From October 3-5, 2017, Celticists, historians, and literary scholars from both sides of the Atlantic gathered at UConn for “Re-Reading the Revolution: A Conference Launching Léamh: Learn Early Modern Irish (léamh.org)”. The purpose of the conference was four-fold: to launch the Léamh website for the public; to work together on some translations for the site; to bring together Celticists, historians, and literary scholars in one room to discuss how scholarship could be deepened through the greater use of Celtic language sources; and to examine what that could look like through a series of papers and roundtables about the mid-seventeenth century conflicts in England, Ireland, Scotland, and Wales.
The conference began with “One Day, One Text,” which brought together Celtic language scholars and learners to translate several texts for the Léamh website. Participants gathered both digitally and in-person at the UConn Hartford campus to learn about the Léamh site and to do some “hands on” work with it. The group worked on ‘Eireóchthar fós le cloinn gColla,’ which will be added to the site for public use at a later date. October 4 was dedicated to a series of research panels as well as the official launch of the Léamh website. The research panels—“Ireland and an Ghaeilge in an age of Revolution, 1630-1660,” “Wales and y Gymraeg in an age of Revolution, 1630-1660,” and “Scotland and an Ghàidhlig in an age of Revolution, 1630-1660”—presented a series of papers that demonstrated just how dynamic scholarship that incorporates Celtic language sources can be.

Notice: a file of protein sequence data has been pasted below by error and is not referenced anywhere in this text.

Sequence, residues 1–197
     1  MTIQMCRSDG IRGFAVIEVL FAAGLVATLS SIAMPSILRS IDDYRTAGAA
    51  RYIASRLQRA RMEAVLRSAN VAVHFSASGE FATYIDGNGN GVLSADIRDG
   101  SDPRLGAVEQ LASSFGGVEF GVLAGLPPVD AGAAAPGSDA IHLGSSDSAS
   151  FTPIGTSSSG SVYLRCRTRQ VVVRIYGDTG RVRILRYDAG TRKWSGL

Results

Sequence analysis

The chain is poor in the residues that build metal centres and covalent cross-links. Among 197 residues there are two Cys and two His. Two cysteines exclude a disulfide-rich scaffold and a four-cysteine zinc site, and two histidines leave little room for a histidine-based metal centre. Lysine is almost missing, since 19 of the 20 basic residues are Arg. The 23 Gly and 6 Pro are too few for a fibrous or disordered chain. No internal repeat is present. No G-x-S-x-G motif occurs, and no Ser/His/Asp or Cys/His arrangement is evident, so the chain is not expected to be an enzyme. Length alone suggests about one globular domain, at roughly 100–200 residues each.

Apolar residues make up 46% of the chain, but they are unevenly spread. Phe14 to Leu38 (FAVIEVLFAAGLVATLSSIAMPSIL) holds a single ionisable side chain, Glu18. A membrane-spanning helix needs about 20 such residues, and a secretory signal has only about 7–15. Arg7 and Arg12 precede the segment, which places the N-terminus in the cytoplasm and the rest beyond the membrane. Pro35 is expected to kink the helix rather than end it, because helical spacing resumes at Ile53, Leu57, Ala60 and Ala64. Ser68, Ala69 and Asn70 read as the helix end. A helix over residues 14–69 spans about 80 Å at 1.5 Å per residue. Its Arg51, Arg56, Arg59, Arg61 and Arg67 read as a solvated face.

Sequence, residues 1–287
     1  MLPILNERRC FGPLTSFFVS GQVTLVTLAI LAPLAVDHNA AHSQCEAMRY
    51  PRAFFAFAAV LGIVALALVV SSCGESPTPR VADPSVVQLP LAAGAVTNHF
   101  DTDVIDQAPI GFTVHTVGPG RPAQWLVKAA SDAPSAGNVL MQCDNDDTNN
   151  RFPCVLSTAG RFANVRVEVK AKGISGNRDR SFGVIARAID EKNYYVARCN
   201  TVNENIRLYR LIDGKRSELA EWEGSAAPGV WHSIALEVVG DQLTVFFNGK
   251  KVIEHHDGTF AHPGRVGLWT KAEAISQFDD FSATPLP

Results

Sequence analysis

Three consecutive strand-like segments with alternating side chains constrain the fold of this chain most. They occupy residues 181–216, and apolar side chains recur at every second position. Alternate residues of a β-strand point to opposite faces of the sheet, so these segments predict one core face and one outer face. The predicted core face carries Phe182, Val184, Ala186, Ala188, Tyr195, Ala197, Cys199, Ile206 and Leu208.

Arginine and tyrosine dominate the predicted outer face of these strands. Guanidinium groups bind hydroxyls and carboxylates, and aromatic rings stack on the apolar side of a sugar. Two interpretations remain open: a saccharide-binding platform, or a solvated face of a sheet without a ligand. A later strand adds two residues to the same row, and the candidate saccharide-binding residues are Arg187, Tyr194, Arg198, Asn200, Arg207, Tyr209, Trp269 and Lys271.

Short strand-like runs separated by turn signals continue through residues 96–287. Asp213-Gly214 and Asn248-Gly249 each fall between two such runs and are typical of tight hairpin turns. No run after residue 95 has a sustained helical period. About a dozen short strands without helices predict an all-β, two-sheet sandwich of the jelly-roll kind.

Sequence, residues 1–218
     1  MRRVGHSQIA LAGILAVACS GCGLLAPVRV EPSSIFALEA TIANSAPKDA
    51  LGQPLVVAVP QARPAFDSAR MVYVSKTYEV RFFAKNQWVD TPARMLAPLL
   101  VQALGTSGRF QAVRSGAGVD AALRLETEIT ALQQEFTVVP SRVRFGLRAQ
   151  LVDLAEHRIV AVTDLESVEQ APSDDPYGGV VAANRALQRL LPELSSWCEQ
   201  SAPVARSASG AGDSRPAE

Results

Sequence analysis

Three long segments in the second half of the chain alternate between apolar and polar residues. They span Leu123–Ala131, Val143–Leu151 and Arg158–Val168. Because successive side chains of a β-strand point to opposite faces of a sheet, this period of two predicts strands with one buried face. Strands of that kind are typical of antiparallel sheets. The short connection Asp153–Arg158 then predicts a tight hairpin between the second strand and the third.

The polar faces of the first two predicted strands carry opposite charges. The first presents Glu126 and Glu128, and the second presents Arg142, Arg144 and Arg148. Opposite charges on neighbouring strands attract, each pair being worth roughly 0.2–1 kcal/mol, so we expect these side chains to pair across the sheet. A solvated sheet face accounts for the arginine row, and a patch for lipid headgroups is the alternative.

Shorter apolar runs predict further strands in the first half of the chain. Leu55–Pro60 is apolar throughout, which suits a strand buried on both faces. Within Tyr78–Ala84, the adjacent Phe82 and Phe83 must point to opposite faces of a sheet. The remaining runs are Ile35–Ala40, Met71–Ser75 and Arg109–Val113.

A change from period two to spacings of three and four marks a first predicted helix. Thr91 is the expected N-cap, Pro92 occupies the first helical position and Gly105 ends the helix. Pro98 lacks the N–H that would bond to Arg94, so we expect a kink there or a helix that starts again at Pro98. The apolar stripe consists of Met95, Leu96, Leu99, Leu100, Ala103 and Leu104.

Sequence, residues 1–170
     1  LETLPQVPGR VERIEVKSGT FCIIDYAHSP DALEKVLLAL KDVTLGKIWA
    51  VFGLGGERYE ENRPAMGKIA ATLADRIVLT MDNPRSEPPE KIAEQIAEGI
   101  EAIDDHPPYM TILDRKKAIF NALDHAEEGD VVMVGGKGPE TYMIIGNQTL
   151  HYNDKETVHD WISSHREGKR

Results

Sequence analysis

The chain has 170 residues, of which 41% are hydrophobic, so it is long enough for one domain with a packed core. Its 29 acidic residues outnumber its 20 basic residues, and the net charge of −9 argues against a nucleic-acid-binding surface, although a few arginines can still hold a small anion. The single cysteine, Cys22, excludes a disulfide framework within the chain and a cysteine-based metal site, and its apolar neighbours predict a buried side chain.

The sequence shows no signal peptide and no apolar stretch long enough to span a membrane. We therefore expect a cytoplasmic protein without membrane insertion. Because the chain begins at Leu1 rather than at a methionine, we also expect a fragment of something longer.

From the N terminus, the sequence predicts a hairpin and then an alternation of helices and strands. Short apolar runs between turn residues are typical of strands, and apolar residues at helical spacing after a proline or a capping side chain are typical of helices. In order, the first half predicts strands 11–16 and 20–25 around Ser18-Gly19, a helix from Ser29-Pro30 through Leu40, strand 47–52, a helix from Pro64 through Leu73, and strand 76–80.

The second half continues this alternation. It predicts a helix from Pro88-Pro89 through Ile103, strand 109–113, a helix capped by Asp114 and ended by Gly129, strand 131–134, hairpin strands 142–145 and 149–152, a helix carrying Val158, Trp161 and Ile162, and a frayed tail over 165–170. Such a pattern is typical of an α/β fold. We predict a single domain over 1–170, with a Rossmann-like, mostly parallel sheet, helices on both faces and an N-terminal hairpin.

The final day of the conference consisted of roundtables focused on the themes of “culture and society,” “ideas, religion, and memory,” and “transnational perspectives.” Here panelists presented their views on the state of the field and how Celtic language sources can contribute to current scholarship, and then the floor was opened up for everyone in the room. There ensued lively conversations and speculations about where the field is headed, what new questions scholars can/should be asking, and how these issues affect graduate education and professionalization.
We’d like to thank everyone who participated in the conference, and invite you all to check out the Léamh website.